My dissertation puts forward a critique of the phenomenal intentionality theory (PIT). According to standard accounts of PIT, all genuine intentionality is either identical to or partly grounded in phenomenal consciousness. I argue that it is a conceptually significant mistake to construe conscious experiences in terms of token mental states that instantiate phenomenal properties. This mistake is predicated on ignoring an important difference in the temporal character—what I call the “temporal shape”—between states and properties as opposed to conscious experiences. States (...)
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  18. The content of aliefs.Laura Danón - 2021 - Synthese 198 (9):8503-8520.
    In “Against alief”, Mandelbaum :197–211, 2013) argues that if aliefs—a sui generis kind of mental states originally posited by Gendler :634–663, 2008a; Mind Lang 23:552–585, 2008b; Analysis 72:799–811, 2012)—are to play the explanatory role that is usually ascribed to them, their contents must be propositionally structured. However, he contends, if aliefs have propositional contents, it is unclear what distinguishes them from beliefs. I find Mandelbaum’s arguments in favour of the idea that aliefs must have propositional contents to be compelling. However, (...)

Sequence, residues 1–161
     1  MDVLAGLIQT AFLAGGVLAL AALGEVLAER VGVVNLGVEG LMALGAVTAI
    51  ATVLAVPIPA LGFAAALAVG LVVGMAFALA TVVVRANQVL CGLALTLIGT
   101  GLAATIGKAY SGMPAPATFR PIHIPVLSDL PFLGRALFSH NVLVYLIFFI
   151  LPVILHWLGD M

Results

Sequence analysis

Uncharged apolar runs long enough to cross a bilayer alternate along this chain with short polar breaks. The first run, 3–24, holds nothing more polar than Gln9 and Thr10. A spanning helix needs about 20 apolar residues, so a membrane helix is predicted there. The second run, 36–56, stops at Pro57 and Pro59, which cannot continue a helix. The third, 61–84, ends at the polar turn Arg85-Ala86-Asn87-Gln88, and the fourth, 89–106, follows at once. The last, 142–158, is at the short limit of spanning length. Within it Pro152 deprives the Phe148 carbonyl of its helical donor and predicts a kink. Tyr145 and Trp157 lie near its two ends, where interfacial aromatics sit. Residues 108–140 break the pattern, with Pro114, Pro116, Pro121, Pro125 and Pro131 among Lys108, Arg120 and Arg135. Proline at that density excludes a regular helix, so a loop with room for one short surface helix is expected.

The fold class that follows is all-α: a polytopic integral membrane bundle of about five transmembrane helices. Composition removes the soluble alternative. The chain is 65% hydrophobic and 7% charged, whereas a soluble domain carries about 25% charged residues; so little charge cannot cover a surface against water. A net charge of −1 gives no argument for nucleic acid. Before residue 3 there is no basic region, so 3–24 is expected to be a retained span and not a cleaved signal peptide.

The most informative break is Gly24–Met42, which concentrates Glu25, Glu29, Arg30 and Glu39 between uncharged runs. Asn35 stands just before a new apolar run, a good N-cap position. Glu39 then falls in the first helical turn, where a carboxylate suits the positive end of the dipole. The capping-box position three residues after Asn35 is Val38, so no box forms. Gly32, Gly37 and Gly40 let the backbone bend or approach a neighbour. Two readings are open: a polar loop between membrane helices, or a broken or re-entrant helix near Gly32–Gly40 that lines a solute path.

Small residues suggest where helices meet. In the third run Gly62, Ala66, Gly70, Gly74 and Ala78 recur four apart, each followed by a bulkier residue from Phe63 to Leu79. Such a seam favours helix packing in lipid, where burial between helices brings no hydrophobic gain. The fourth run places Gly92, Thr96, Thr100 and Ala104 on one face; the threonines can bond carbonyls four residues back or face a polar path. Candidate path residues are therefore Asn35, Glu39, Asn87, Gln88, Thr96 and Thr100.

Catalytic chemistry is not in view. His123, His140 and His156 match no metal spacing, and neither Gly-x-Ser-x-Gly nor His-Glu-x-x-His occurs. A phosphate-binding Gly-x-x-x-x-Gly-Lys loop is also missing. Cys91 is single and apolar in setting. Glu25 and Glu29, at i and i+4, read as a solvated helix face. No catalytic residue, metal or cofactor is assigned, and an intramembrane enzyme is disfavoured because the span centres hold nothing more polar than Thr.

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  19. On the function of self‐deception.Vladimir Krstić - 2021 - European Journal of Philosophy 29 (4):846-863.
    Self-deception makes best sense as a self-defensive mechanism by which the self protects itself from painful reality. Hence, we typically imagine self-deceivers as people who cause themselves to believe as true what they want to be true. Some self-deceivers, however, end up believing what they do not want to be true. Their behaviour can be explained on the hypothesis that the function of this behaviour is protecting the agent's perceived focal benefit at the cost of inflicting short-term harm, which is (...)